Image for post
Image for post

Sazka Improves the Login User Experience with Wultra Mobile Security Suite

Petr Dvořák
Dec 4, 2018 · 3 min read

Until today, the mobile app by Sazka had one pain point that was hurting its app ratings: the login user experience. The app required the combination of e-mail and password on every login.

Today, Sazka is our first customer outside the banking industry who decided to improve the authentication user experience with Wultra Mobile Security Suite, on both iOS and Android. As a result, players can sign in using just a PIN code, or with biometry (Face ID, Touch ID).

Good PIN, bad PIN…

Now, there is one thing that makes selling a PIN authentication difficult. It is not about what you see, but about what happens in the background. From the user perspective, every PIN implementation seems the same. However, the internals may differ significantly.

To illustrate this, let me show you one example of how a certain bank in Kazakhstan implements the PIN code:

Image for post
Image for post
Weak PIN code implementation only uses a comparison of stored value with the one user entered.

Yes, this is an actual real-world example of a banking app PIN code implementation. Also, let’s disregard the lack of obfuscation for now…

This is what I call the “Bad PIN”. Basically, it works like this:

  1. Let the user enter the PIN code.
  2. Compare the stored PIN code value (plaintext) with what the user entered.
  3. If the values match, use stored credentials (again, stored on the device in plaintext) to log in.
  4. If the values do not match, decrease a locally stored number of failed attempts.

This approach has many issues. To extract the main problems:

  • No help from the server-side: When an attacker finds a device, it is possible to perform a local attack on the PIN code and eventually compromise the user account without the server ever knowing there might be an issue.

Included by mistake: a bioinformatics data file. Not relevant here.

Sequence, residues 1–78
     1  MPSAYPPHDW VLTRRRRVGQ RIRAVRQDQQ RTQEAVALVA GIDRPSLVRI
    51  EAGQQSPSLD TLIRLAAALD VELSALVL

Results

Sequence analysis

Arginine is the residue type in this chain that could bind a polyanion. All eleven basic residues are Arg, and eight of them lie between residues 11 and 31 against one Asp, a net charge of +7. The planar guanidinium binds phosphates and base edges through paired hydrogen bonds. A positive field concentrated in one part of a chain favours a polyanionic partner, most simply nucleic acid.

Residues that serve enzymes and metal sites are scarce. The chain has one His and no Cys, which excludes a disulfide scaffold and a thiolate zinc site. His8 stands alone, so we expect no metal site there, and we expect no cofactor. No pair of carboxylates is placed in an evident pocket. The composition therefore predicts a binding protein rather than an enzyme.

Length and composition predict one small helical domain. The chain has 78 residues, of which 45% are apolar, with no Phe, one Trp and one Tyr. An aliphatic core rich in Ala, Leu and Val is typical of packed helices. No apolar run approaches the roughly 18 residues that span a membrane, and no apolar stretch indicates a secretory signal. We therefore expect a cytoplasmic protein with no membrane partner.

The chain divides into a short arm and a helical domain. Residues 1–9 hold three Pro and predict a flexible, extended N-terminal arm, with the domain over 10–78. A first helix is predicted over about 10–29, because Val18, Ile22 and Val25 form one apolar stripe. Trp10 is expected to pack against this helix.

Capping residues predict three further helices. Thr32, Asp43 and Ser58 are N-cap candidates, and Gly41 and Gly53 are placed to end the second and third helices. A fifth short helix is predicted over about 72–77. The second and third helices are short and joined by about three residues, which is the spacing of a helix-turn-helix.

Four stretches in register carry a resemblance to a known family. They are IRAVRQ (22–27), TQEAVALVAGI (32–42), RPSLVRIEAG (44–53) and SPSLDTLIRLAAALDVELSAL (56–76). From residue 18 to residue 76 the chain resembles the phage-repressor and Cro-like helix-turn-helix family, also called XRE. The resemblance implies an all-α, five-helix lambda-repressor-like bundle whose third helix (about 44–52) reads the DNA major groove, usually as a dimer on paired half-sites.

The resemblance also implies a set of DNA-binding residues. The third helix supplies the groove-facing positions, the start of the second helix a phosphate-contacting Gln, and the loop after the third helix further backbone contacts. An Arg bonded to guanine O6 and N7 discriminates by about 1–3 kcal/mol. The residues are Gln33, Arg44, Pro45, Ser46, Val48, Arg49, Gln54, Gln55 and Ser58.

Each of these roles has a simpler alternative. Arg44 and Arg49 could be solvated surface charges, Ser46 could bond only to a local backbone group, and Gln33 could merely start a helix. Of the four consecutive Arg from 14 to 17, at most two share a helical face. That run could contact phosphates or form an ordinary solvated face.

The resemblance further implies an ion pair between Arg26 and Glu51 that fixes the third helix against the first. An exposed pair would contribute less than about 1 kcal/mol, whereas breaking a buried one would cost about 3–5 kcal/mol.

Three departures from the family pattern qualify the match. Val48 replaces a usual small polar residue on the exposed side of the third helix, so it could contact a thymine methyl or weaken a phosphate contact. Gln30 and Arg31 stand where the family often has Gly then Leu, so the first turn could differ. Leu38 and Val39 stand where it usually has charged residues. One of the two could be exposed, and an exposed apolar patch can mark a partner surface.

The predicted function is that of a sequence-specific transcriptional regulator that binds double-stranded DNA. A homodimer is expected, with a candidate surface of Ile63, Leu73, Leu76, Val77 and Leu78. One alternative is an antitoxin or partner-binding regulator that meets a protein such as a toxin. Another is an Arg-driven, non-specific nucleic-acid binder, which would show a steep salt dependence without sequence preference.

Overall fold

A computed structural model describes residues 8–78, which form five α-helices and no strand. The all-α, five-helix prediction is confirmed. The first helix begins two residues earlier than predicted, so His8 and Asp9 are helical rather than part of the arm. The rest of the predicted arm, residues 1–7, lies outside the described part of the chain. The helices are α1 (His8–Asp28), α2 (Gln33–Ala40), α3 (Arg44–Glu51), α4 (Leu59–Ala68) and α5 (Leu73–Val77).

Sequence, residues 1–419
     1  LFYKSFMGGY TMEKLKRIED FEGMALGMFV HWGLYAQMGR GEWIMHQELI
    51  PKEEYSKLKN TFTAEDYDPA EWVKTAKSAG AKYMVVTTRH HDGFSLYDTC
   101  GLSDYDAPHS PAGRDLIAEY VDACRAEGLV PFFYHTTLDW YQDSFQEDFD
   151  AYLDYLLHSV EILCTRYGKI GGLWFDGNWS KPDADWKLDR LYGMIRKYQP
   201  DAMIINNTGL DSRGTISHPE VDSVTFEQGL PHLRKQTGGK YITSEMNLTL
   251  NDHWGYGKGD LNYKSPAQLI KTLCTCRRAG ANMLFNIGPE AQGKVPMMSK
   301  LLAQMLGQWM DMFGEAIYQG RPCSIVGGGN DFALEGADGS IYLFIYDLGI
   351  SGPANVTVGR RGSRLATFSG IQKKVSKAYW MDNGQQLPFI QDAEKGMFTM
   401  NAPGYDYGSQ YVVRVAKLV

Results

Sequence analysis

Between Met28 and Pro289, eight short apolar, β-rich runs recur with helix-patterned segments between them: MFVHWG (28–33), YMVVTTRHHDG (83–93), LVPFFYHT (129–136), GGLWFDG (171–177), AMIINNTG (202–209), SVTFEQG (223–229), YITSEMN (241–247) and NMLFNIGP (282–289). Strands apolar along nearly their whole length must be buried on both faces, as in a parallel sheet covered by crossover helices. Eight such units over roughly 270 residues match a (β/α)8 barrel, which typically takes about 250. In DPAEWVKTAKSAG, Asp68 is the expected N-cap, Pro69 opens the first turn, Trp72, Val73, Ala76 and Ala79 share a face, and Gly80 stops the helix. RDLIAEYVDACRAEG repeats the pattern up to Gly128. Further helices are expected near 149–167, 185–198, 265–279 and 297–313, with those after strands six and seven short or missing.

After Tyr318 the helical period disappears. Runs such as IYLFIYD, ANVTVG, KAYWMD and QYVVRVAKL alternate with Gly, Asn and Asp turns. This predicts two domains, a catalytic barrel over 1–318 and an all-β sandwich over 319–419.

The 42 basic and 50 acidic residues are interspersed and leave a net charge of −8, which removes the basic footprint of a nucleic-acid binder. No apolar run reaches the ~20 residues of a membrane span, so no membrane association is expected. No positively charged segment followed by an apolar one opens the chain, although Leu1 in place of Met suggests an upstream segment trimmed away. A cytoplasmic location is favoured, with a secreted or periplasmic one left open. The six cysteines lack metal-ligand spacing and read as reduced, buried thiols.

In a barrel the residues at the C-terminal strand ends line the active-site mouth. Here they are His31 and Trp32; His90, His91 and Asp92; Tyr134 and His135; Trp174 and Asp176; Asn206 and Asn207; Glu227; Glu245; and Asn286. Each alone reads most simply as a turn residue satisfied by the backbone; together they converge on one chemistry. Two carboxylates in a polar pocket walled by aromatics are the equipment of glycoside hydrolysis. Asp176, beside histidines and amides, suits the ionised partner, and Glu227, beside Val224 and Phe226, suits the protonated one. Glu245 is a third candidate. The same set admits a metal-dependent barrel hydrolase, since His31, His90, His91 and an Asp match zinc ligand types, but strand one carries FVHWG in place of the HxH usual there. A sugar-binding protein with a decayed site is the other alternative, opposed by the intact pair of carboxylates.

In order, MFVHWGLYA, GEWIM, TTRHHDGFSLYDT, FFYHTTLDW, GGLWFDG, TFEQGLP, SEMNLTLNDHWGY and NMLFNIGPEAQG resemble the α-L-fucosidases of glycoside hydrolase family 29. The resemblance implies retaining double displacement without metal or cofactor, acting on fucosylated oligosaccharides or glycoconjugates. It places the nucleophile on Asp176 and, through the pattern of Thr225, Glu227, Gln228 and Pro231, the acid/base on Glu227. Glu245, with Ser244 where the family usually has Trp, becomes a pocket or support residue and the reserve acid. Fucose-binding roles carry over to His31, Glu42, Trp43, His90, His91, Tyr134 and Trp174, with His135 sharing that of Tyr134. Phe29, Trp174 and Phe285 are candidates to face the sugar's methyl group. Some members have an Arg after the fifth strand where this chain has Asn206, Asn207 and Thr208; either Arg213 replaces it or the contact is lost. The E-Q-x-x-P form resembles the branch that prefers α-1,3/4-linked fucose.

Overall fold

• No cryptographic protection: When an attacker intercepts the request over HTTP, he/she can modify the request contents, send a completely different request, or replay the intercepted request.

In fact, our PIN code implementation, that is included in the Wultra Mobile Security Suite (PowerAuth) is what I call the “Good PIN.”

It is not possible to verify the PIN code locally on the device under no circumstances. Cooperation with the server is required for every PIN code validation, and therefore, the PIN code can be effectively blocked on the server-side after five failed authentication attempts.

Also, every request to the server is protected with a one-time multi-factor signature, that is strongly bound with the request data. As a result, it is not possible to replay the request, modify the request data, or forge an entirely new request.

You can check it for yourself: our cryptography is open-source.

Partners for the win!

To wrap this story up, we would like to acknowledge one specific aspect of this project: the cooperation with our technology partners.

NeoGames (Tel Aviv, Israel) was responsible for the server-side integration. It would seem that they are not exactly compatible with us: while we write our systems in Java, they use .NET. Despite this and the remote work, NeoGames managed to implement their part in just a couple of weeks and were extremely helpful in testing. (Prague, Czechia) implemented the mobile app part. Moreover, they set the world record for the fastest PowerAuth technology integration. Everything was ready on mobile in under two weeks! What we are especially proud of is that managed to implement everything just based on our online documentation.

Well done, and thank you! :-)

Wultra Blog

Blog posts by Wultra company

Welcome to a place where words matter. On Medium, smart voices and original ideas take center stage - with no ads in sight. Watch

Follow all the topics you care about, and we’ll deliver the best stories for you to your homepage and inbox. Explore

Get unlimited access to the best stories on Medium — and support writers while you’re at it. Just $5/month. Upgrade

Get the Medium app

A button that says 'Download on the App Store', and if clicked it will lead you to the iOS App store
A button that says 'Get it on, Google Play', and if clicked it will lead you to the Google Play store